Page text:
Hello! My name is Savanna Cabrera, and this is my first blog entry for my summer at the Oregon Institute of Marine Biology’s research experience for undergraduates program. Here at the OIMB, I hope to learn more about the day-to-day life and work that a marine biologist, or zoologist, does while conducting my own independent research project. Before I start to describe my first exciting week here at OIMB, let me introduce myself properly.
I am an upcoming fourth-year zoology Major from the University of Florida who is experiencing the beauty of the Pacific Northwest for the first time. I am in love with zoology as a topic, with some of my favorite animals being arthropods, wolves, lions, and tardigrades! In fact, sometimes in my free time, when I am not playing videogames or writing novels, I help raise orphaned, abandoned, and abused wolf pups!
This summer, however, is dedicated to invertebrate organisms, particularly arthropods. I am fascinated by their anatomy, evolution, and development. Because I was so interested in arthropods (and other sister taxa, that is, relatives of the arthropods) I decided to apply to the OIMB’s summer research program out of a desire to learn more about the fascinating, yet cryptic world of marine arthropods.
The man patiently mentoring me through this program is Dr. Richard Emlet, a professor and researcher here at the marine station. He has graciously offered to mentor me and teach me methods that will enable me to become a better researcher, scientist, and student. I hope that during this program, he can train me to a point where I become a more confident and competent scientist, who has the ability and the fortitude to continue higher education.
As of right now, Dr. Emlet and I have the idea of studying the function of an appendage found on a certain stage of barnacle larvae, specifically the stage called the cyprid larva. Near the rear of the animal is a pair of biramous, or forked, appendages called the furcal rami. The furcal rami have been described anatomically by many scientists, but I found that there is little to no data on the function of this appendage. Is it a paddle? A rudder? A feather duster? All three? I want to spend my summer trying to get closer to this answer, and Dr. Emlet assisted me this week in moving closer to this goal. He taught me how to perform a plankton tow, how to culture algae to feed specimens, how to use microscope photography and videography equipment, and how to properly read and analyze scientific papers. I especially enjoyed my time using the video equipment. It reminded me of when I was a child, using my mom’s camcorder to create stop-motion animation, but in this case, I am attempting to answer a question, rather than being a nuisance to my mother.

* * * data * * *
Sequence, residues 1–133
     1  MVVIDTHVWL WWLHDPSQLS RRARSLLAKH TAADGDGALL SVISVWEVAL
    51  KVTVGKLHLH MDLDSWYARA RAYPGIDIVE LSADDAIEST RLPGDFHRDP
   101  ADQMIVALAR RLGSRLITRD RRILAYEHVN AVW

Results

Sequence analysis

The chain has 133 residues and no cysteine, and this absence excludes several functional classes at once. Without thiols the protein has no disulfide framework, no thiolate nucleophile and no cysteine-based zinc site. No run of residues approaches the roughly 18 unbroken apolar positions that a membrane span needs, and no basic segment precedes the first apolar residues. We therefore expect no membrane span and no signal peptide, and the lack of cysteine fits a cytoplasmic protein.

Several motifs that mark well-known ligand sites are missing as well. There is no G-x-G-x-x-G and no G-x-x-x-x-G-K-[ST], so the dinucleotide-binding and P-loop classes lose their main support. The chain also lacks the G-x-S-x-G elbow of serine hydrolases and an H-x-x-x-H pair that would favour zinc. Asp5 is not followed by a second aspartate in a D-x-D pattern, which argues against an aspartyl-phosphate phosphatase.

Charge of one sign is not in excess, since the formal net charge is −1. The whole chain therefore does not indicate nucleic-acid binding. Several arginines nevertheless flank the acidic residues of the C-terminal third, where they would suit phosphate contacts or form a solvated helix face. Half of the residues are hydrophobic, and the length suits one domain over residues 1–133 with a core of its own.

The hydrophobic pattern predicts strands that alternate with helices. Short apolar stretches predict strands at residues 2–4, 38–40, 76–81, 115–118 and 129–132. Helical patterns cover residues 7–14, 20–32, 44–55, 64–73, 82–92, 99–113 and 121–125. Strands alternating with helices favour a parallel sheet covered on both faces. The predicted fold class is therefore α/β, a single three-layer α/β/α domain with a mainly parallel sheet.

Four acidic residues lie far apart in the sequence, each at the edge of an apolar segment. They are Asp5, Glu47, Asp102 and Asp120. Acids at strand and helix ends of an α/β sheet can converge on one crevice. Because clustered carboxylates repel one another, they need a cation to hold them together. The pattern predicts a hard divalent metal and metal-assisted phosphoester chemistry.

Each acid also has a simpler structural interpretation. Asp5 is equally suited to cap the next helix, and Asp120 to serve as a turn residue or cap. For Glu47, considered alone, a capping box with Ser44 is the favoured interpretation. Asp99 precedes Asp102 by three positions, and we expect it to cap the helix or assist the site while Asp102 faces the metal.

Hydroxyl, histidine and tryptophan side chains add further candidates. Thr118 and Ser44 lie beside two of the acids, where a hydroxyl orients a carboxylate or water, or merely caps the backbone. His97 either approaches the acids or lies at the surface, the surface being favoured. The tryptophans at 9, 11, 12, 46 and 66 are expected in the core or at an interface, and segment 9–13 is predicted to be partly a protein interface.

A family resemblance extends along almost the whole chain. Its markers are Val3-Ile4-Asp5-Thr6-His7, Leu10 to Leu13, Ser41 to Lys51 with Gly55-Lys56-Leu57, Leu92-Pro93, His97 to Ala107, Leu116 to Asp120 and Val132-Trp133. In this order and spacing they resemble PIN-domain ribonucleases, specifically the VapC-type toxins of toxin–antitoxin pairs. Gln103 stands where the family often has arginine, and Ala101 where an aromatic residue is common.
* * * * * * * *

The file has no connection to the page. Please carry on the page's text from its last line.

This first week has already been such a growing experience. I am full of anxiety and concerns about my performance during this program, but with the patient guidance of Dr. Emlet, our grad student coordinator Nicole, and our education program coordinator Maya, I have faith that my summer here at OIMB will be the learning experience of a lifetime!